The Veterans Garage Lounge is part of The Veterans Garage charity which supports ex-service personnel. As well as hire charges and bar profits raising money, the venue is used as a social hub for a range of community and ex-service groups. The Hen House Presents have put on a succession of gigs (including 30 streamed gigs during lockdown) of which tonight’s appearance by Otis Gibbs was the latest and perhaps most high profile. In addition, Dawn and Tania run regular fortnightly open-mic acoustic nights and a monthly traditional folk session at the venue. They are building up a regular crowd and hope that by putting on artists like Otis Gibbs they will bring in new people to discover the wonderful things that they are doing.

Otis Gibbs’ dry folk humour and meaningful songs were a perfect fit for the evening which an audience split between his own fans and Hen House regulars, thoroughly enjoyed. In a set which lent heavily on his most recent 2020 album ‘Hoosier National’ but also included a smattering of older favourites, Gibbs displayed all his usual unique presence and stage banter. His voice was in fine fettle and his sometimes understated guitar-work was exemplary. We’ve recently started a new feature at AUK called ‘Small Venue Heroes’, if ever an artist was made for such a title, it is surely Otis Gibbs.

So what is the future for The Hen House Presents?  Tania told me “Our aim is to provide a platform for the music that we love to an audience which appreciates it. Ultimately, we want our audience to grow and to trust us enough that they will happily just buy tickets because it is an artist that we have booked and they know and trust our choices and the way we run our gigs…For the artists we want to make sure that they remember playing for us for good reasons; that they have been fairly paid, we make them feel valued and we provide the best stage we can with what we have”.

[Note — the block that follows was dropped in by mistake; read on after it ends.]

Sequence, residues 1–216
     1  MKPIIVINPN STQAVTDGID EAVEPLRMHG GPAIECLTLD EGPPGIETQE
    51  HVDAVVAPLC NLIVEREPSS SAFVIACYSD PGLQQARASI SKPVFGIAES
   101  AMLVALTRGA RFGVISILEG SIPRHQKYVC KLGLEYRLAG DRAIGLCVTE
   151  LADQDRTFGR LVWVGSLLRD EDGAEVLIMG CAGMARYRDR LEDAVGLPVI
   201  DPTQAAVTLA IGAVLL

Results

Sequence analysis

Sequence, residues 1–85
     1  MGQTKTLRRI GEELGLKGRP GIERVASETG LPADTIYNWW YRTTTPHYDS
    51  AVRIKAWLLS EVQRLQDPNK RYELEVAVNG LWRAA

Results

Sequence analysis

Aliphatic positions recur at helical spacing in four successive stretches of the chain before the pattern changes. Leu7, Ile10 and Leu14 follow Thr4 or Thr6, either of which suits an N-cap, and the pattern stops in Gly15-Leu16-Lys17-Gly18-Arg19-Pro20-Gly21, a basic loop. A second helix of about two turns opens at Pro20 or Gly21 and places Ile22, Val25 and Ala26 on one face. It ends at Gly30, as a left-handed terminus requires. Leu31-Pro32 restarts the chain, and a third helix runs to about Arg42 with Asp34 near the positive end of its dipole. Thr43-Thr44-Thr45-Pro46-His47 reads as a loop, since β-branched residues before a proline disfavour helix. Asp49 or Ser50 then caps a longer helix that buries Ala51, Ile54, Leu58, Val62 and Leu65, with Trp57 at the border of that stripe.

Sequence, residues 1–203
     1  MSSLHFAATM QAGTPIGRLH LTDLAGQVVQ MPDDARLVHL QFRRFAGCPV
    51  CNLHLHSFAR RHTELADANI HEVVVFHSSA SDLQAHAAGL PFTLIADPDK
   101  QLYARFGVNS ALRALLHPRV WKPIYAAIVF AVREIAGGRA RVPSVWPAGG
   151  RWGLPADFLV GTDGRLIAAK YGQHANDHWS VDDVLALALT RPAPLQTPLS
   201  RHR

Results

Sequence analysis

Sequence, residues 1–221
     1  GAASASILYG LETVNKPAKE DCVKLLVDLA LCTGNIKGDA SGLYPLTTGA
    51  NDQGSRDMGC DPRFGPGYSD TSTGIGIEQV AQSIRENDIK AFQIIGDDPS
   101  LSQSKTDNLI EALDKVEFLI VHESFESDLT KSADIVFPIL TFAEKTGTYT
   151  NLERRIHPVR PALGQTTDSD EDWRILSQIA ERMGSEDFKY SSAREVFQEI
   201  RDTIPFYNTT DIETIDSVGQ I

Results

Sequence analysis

Meeting Tania and Dawn was an absolute pleasure. They clearly love what they do and the music that they promote. Their enthusiasm is totally infectious and is a large factor in what they have already achieved. If you live in the Manchester area, or even the wider north-west, do yourself a favour and pay them a visit. You’ll not only be supporting a good cause, you’re also pretty much guaranteed a great night out.



About Clint West 319 Articles
From buying my first record aged 10 and attending my first gig at 14, music has been a lifelong obsession. A proud native of Suffolk, I have lived in and around Manchester for the best part of 30 years. My idea of a perfect day would be a new record arriving in the post in the morning, watching Ipswich Town win in the afternoon followed by a gig and a pint with my mates at night,
Notify of

This site uses Akismet to reduce spam. Learn how your comment data is processed.

1 Comment
Newest Most Voted
Inline Feedbacks
View all comments

A great idea. People yakking away during a concert is in my top 5 of things that piss me off…more power to their collective elbow.